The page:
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An Olympic hopeful from Senegal hopes to inspire more black women to surf

Black Women in Sports

An Olympic hopeful from Senegal hopes to inspire more black women to surf

By Deepa Fernandes via

On a crisp winter morning at California’s Santa Monica State Beach, Khadjou Sambe is running through a warm-up drill with her surfing coach Rhonda Harper.

After the 23-year-old finishes her stretches, she moves slowly towards the water. It’s one of Sambe’s last days in the US. Her six-month visa is about to expire and she will head back to her home in Dakar, Senegal. Sambe has been training with Harper in California with the hopes of eventually competing in the 2020 Olympics, the first time that surfing will be part of the Summer Games.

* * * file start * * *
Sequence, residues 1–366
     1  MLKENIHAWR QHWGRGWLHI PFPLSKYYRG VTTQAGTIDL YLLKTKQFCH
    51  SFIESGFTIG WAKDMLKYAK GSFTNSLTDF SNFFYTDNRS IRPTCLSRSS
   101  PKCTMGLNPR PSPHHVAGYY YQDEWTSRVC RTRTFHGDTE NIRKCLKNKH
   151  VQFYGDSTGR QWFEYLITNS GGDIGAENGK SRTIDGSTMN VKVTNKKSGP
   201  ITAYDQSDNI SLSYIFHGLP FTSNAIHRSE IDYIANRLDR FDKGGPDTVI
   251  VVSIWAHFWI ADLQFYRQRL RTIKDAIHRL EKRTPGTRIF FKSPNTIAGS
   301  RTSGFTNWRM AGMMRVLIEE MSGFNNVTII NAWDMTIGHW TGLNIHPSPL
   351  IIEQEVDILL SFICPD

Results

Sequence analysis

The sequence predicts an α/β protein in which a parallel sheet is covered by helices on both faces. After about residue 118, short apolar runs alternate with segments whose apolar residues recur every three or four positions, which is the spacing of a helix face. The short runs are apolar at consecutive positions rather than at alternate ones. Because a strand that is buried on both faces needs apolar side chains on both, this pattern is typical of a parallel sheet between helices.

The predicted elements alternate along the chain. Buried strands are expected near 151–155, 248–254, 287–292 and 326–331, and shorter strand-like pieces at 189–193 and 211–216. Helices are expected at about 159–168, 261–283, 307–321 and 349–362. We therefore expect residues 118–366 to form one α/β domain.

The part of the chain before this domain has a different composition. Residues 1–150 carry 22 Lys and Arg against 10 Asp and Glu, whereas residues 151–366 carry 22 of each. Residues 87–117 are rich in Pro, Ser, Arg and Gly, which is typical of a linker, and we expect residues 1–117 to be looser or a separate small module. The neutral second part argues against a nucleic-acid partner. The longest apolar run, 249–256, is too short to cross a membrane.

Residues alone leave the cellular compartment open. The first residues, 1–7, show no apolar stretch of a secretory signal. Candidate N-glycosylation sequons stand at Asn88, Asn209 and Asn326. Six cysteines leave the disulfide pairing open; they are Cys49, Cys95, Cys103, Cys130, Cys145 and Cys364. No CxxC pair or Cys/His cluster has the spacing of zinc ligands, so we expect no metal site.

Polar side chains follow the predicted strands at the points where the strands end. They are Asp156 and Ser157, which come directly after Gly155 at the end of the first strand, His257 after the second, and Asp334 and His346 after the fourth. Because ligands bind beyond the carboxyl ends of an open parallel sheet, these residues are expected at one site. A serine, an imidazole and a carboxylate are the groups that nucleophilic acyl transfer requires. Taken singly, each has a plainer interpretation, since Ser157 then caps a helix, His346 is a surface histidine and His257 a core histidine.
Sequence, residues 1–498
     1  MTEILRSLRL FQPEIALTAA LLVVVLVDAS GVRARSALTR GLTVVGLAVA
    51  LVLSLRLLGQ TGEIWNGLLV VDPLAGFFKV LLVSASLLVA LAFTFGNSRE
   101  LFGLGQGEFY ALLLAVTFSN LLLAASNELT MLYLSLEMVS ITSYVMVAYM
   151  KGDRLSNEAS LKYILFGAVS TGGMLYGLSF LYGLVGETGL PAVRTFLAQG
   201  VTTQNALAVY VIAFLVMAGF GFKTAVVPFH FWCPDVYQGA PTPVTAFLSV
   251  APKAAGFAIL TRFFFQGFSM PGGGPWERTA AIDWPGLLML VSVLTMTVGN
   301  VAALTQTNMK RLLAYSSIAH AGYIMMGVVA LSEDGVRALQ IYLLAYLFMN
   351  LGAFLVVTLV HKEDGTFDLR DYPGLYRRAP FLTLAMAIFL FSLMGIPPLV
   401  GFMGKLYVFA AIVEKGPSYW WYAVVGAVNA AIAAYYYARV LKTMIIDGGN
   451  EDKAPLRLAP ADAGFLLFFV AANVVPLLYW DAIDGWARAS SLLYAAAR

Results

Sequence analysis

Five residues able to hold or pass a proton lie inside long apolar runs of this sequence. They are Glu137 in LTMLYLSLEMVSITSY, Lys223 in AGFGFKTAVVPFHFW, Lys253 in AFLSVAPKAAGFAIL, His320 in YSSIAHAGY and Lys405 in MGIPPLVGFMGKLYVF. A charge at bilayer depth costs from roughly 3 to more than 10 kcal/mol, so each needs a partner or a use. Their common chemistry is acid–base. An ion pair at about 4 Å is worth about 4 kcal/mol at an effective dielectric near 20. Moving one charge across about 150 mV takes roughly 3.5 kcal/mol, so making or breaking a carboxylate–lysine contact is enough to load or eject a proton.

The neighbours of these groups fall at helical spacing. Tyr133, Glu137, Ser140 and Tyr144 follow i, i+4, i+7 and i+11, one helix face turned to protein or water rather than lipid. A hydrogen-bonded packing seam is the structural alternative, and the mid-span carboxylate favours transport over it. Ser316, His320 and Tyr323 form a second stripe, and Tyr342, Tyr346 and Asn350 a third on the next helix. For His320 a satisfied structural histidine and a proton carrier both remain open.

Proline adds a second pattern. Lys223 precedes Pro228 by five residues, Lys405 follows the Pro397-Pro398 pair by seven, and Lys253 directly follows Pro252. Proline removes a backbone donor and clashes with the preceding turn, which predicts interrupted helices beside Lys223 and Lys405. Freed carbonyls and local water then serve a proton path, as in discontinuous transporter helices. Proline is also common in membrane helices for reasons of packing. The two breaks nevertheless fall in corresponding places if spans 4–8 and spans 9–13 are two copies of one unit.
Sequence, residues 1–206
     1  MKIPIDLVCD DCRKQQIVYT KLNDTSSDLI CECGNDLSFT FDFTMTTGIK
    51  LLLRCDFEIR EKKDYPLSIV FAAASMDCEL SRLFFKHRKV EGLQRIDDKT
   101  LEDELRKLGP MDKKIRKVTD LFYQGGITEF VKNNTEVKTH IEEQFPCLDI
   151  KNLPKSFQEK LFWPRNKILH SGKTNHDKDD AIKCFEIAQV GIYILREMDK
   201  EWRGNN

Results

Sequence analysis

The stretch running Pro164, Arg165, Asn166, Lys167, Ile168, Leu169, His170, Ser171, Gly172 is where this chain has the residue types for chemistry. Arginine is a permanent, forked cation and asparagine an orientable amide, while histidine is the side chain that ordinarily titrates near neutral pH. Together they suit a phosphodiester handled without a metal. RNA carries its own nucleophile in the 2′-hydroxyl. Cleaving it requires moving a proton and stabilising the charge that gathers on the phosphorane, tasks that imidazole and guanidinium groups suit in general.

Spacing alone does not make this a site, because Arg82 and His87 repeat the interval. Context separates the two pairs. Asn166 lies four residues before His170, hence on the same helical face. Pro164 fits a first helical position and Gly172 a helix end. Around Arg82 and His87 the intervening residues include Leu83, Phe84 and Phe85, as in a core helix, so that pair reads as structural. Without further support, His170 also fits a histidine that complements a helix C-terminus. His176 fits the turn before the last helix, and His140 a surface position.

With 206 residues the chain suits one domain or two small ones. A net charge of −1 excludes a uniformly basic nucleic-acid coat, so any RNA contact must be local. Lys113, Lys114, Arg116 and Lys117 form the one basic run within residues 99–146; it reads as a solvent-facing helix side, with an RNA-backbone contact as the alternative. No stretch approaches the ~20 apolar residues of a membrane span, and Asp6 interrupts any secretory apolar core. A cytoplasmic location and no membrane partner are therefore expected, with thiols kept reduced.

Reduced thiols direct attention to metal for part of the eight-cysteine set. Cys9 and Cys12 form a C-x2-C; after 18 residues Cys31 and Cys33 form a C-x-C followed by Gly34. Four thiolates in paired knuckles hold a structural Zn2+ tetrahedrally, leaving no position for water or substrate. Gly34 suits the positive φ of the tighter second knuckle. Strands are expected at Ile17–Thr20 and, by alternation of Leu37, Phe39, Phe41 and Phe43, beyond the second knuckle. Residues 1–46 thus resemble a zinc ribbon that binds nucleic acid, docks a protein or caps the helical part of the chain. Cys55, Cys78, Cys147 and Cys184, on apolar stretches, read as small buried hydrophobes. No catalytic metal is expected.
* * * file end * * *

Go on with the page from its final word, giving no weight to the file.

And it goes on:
For Sambe, the vibe at Santa Monica is a novelty, quite unlike her beach back home.

“[Here] you can see different surfers, different waves, different people,” Sambe says.

Yet at this world-famous beach, on this Sunday morning, Harper, Sambe and another …

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I am a future butterfly at the stage of growth when I am turning into an adult. I am enclosed in a hard case shell formed by love, family, and friends. It is the hardest stage of becoming a black butterfly. You will encounter many hardships only to come out stronger and better than what you went in. At this stage, you are finding out who you truly are and how to love yourself.

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